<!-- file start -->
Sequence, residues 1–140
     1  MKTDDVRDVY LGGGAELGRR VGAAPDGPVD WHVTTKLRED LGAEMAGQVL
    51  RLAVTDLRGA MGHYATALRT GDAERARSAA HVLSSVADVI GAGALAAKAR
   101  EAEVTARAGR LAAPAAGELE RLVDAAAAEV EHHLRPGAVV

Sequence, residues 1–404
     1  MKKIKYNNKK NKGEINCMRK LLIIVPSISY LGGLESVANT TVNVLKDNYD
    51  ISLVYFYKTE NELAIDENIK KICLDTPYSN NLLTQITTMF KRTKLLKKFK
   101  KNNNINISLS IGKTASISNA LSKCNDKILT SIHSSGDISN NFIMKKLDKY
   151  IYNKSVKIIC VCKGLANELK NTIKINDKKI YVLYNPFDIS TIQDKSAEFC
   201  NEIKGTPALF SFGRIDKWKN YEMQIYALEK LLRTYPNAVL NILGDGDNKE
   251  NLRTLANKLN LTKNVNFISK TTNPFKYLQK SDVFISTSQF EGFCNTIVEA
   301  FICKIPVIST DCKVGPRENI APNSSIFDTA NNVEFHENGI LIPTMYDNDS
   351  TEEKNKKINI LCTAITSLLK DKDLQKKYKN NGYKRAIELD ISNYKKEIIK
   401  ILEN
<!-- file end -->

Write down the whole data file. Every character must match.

Sequence, residues 1–140
     1  MKTDDVRDVY LGGGAELGRR VGAAPDGPVD WHVTTKLRED LGAEMAGQVL
    51  RLAVTDLRGA MGHYATALRT GDAERARSAA HVLSSVADVI GAGALAAKAR
   101  EAEVTARAGR LAAPAAGELE RLVDAAAAEV EHHLRPGAVV

Sequence, residues 1–404
     1  MKKIKYNNKK NKGEINCMRK LLIIVPSISY LGGLESVANT TVNVLKDNYD
    51  ISLVYFYKTE NELAIDENIK KICLDTPYSN NLLTQITTMF KRTKLLKKFK
   101  KNNNINISLS IGKTASISNA LSKCNDKILT SIHSSGDISN NFIMKKLDKY
   151  IYNKSVKIIC VCKGLANELK NTIKINDKKI YVLYNPFDIS TIQDKSAEFC
   201  NEIKGTPALF SFGRIDKWKN YEMQIYALEK LLRTYPNAVL NILGDGDNKE
   251  NLRTLANKLN LTKNVNFISK TTNPFKYLQK SDVFISTSQF EGFCNTIVEA
   301  FICKIPVIST DCKVGPRENI APNSSIFDTA NNVEFHENGI LIPTMYDNDS
   351  TEEKNKKINI LCTAITSLLK DKDLQKKYKN NGYKRAIELD ISNYKKEIIK
   401  ILEN